Sir Thomas Sean Connery (Sean Connery) born 25.8.1930
Sean Connery is a Scottish actor, best known for starring as the lead role in seven James Bond films. He was knighted in July 2000, by Queen Elizabeth II of England.
Sean Connery: Childhood
Sean Connery was born in the Fountainbridge area of Edinburgh, to Euphamia and Joseph Connery. His father was Roman Catholic, whilst his mother was a Scottish Protestant.
Sean's first job was working as a milkman. He joined the Royal Navy but was honourably discharged on medical grounds. His other jobs included being a model for artists at the Edinburgh College of Art, a coffin polisher and a lorry driver.
Connery began to pursue acting work when a fellow contestant in the 1953 Mr. Universe competition suggested that he audition for a stage production of South Pacific.
Sean Connery: Early Career
Connery landed the role in South Pacific and this soon led to a variety of film and television roles. One of his notable early appearances was in the 1961 BBC production of Anna Karenina, by Rudolph Cartier. His debut television appearance in the United States was on the Jack Benny Show.
Sean Connery: The James Bond years
The seven James Bond films, in which Sean Connery appeared as the title character, were: Dr. No (1962), From Russia With Love (1963), Goldfinger (1964), Thunderball (1965), You Only Live Twice (1967), Diamonds Are Forever (1971) and Never Say Never Again (1983). He beat the likes of David Niven, Cary Grant and James Mason to the role, as the producers were forced to choose an unknown actor to suit the low budget of the film. Although initially doubtful of the casting, the author Ian Fleming went on to create a half-Scottish, half Swedish heritage for the character in his subsequent Bond novels.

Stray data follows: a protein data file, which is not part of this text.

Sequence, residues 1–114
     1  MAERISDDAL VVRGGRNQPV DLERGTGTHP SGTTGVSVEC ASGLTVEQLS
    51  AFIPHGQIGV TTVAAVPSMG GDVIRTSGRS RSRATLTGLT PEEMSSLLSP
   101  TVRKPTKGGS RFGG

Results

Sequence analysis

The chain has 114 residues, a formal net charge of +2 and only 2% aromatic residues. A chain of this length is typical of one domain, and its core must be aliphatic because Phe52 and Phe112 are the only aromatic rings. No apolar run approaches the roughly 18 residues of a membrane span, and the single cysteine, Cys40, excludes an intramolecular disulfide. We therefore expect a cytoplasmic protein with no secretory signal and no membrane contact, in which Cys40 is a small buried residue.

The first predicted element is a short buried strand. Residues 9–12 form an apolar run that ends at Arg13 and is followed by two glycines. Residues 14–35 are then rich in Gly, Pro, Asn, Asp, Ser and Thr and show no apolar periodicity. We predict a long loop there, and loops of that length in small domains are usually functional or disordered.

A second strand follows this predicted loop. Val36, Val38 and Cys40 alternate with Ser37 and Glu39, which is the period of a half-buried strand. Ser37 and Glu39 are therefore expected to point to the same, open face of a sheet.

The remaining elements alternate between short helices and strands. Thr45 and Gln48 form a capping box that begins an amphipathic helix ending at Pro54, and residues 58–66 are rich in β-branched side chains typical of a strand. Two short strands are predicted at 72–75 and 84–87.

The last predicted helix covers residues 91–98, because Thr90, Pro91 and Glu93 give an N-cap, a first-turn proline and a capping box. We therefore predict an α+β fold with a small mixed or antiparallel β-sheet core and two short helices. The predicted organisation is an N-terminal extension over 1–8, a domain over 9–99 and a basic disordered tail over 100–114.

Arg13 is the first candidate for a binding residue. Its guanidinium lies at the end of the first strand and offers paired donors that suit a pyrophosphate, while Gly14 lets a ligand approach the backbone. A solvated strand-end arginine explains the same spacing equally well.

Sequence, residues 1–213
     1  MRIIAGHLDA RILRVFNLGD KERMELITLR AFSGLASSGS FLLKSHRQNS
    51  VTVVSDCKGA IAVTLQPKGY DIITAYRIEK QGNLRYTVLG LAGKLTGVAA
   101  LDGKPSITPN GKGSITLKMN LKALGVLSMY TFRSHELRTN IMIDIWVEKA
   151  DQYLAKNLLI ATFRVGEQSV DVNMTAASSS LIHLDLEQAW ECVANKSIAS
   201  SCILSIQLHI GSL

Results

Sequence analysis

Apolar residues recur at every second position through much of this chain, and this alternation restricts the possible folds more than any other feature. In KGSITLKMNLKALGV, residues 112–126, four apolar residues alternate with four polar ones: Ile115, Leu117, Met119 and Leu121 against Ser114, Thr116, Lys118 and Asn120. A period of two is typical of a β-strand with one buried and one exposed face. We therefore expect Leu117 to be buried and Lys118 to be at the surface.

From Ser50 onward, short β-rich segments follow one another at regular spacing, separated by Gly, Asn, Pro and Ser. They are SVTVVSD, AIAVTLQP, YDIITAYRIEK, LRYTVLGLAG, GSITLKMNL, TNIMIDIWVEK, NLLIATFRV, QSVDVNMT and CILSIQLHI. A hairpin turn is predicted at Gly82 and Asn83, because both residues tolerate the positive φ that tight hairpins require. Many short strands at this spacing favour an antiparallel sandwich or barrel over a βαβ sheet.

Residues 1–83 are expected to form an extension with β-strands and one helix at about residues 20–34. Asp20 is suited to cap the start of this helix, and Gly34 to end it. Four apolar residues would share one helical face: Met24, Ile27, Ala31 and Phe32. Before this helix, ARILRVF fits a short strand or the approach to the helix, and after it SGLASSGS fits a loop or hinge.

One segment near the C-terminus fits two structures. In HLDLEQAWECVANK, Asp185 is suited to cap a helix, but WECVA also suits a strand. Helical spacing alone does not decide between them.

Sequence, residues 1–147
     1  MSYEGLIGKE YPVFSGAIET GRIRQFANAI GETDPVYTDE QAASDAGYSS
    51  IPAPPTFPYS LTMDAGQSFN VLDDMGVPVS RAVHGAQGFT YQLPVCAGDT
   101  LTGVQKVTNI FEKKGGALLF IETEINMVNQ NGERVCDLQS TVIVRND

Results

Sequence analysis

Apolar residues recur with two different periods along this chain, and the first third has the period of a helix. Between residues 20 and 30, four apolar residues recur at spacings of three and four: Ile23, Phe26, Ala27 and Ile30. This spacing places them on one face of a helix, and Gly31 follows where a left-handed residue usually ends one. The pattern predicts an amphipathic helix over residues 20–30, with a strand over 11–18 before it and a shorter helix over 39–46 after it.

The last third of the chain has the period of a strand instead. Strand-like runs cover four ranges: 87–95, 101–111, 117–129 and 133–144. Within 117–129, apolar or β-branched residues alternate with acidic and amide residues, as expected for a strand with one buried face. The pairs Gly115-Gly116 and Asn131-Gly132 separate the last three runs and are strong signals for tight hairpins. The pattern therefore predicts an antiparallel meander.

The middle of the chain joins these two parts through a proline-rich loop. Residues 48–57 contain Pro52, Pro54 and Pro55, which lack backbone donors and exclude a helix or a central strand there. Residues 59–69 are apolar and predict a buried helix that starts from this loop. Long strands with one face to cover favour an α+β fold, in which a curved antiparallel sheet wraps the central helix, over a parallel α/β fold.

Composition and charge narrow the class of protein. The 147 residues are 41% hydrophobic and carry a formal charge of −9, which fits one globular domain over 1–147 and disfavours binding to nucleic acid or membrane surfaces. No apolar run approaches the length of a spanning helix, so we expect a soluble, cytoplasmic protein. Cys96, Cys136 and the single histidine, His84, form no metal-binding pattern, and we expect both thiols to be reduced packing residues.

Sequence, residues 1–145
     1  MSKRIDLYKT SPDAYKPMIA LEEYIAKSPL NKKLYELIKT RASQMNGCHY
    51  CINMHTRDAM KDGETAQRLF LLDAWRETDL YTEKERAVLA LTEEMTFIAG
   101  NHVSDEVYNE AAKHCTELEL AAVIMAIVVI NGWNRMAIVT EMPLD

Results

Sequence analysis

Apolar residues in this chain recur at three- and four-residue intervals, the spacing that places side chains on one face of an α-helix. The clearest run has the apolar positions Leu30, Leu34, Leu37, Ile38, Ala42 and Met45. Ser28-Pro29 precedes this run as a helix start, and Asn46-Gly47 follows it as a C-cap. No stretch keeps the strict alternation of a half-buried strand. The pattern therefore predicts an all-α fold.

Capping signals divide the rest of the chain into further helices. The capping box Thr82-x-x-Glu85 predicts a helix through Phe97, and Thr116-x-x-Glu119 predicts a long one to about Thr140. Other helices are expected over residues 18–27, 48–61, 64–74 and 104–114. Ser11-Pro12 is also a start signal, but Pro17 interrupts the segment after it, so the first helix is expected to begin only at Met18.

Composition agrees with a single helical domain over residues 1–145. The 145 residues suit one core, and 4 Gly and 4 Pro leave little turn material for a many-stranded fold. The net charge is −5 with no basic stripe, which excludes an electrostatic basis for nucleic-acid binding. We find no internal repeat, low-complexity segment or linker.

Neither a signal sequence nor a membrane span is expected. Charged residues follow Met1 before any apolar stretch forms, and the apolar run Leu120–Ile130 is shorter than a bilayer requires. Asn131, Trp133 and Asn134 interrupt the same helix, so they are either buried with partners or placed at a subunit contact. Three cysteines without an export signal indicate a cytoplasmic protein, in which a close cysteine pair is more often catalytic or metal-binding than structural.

Connery quit the Bond series in 1967, fearing that he would become typecast, though he made his last 007 appearance in Diamonds Are Forever, in 1971. He did, however, return to the Bond films in the 1980s, to star in Never Say Never Again, which reportedly earned its title after Connery had said "never again" when asked if he would play Bond again.
Sean Connery: Life After Bond
Following his departure from the Bond franchise, Connery featured in films such as Murder On the Orient Express and A Bridge Too Far, whilst his role as Mulai Ahmed er Raisuli in The Wind and The Lion earned him substantial acclaim, silencing critics who felt that he was a one-dimensional actor.
Showing a capacity for humour and an ability to laugh at himself, Connery accepted the role of Agamemnon in Time Bandits. Michael Palin had described Agamemnon in the script as "Sean Connery (or someone of equal, but cheaper, stature)". Connery overlooked the joke and took the role.
In 1986, Sean Connery won a BAFTA for his role in The Name of The Rose. He followed this up by taking an equally credible role, in Highlander. The next year, he won an Academy Award for Best Supporting Actor: this time for his role in The Untouchables.
Connery went on to appear in a number of box office hits, including Indiana Jones and the Last Crusade (1989), The Hunt for Red October (1990), The Rock (1996) and Entrapment (1999).
Following these commercial successes, Connery's career took something of a critical nosedive, with films such as First Knight (1995) and The League of Extraordinary Gentlemen (2003) proving to be something of a laughing subject for many critics.
Sean Connery: Time Out
In August 2008, Sean Connery released his autobiography, Being A Scot, which he had taken time out from acting in order to write.
Sean Connery: Personal Life
Sean Connery's first marriage, to Diane Cilento, lasted from 1962 to 1973. They had one son together, Jason Connery, who is also now an actor. Jason provided Sean with his first grandchild, Dashiell Quinn Connery, in 1997.
Sean's second marriage, in 1975, was to Micheline Roquebrune.